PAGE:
Those familiar with the exegetical and hermeneutical landscape of Mark 13 will no doubt realise the serious challenges which are to be faced by the interpreter. The literature is vast, the issues are complex, the battle lines have been drawn,and, of top of all this, it cannot be studied in isolation from other biblical minefields9. However, the complexity and length of this study is curtailed by focussing our attention on an overarching hypothesis10. Our hypothesis is,

Hypothesis: ‘In Mark 13 Jesus prophecies, amongst other things, the coming destruction and downfall of the Temple and the city of Jerusalem. This suffering is part of the eschatological tribulation—the negative side of the Day of the Lord—which precedes the arrival, in some sense, of the eschaton, in which the messianic Son of Man, as the embodiment of YHWH, is vindicated and the exiled people of God are gathered in’.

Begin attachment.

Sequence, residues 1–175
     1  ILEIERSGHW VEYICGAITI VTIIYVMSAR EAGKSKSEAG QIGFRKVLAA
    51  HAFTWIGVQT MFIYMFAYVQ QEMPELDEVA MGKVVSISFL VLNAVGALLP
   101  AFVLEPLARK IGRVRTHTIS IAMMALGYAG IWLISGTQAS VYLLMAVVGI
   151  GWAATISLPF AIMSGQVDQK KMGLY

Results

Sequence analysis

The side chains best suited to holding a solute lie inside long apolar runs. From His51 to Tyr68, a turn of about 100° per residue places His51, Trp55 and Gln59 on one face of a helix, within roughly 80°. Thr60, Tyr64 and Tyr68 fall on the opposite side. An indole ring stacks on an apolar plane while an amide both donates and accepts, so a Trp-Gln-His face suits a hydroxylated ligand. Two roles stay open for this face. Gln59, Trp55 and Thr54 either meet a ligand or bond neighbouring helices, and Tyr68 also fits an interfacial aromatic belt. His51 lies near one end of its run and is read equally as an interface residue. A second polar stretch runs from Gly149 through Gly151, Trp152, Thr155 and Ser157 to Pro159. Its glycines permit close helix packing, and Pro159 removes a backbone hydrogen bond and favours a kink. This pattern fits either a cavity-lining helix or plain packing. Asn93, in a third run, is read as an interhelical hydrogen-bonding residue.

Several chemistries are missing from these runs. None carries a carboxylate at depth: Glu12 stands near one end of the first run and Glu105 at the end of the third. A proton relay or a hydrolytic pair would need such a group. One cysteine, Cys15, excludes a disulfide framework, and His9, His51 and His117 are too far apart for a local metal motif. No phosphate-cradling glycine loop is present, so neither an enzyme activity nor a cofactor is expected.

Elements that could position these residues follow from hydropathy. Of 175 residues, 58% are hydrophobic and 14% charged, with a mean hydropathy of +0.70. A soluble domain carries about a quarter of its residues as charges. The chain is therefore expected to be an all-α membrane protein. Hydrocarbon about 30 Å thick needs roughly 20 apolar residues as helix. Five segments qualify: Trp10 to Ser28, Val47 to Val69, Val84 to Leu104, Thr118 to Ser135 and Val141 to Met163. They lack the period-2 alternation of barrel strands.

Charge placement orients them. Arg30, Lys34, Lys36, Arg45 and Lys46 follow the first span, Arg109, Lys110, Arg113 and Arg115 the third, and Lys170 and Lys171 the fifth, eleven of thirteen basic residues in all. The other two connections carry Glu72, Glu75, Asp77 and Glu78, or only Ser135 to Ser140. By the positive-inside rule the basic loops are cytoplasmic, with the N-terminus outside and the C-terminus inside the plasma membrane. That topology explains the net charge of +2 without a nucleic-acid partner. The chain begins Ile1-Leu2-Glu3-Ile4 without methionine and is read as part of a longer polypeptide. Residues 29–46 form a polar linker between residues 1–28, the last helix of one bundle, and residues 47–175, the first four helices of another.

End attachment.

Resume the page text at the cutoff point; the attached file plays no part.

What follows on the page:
This hypothesis does not take place in a scholarly vacuum but is in dialogue with a number of scholars. In agreement with R.T France11 and N.T Wright12, who emphasise the prophecy has its focus on the destruction of the temple and Jerusalem, I reject the interpretation of Mark 13, followed by Edward Adams13, Beasley-Murray14 , the modern day Schweitzer, Dale Allison15, and the historical Schweitzer16, in which Jesus is predicting a global apocalyptic cosmic catastrophe and his own literal parousia. However, I part company with Wright and France in their understanding of the ‘coming of the son of man’. They are right,in my opinion, to reject the mainline scholarly ‘visible parousia’ interpretation but are misguided, in my opinion, to simply interpret it as vindication. In contrast to both of these positions, I seek to put forward and defend the view that Jesus believes that after the destruction of the temple he will re-visit the nation, in some sense, as the embodiment of YHWH—for the Day of the Lord has arrived!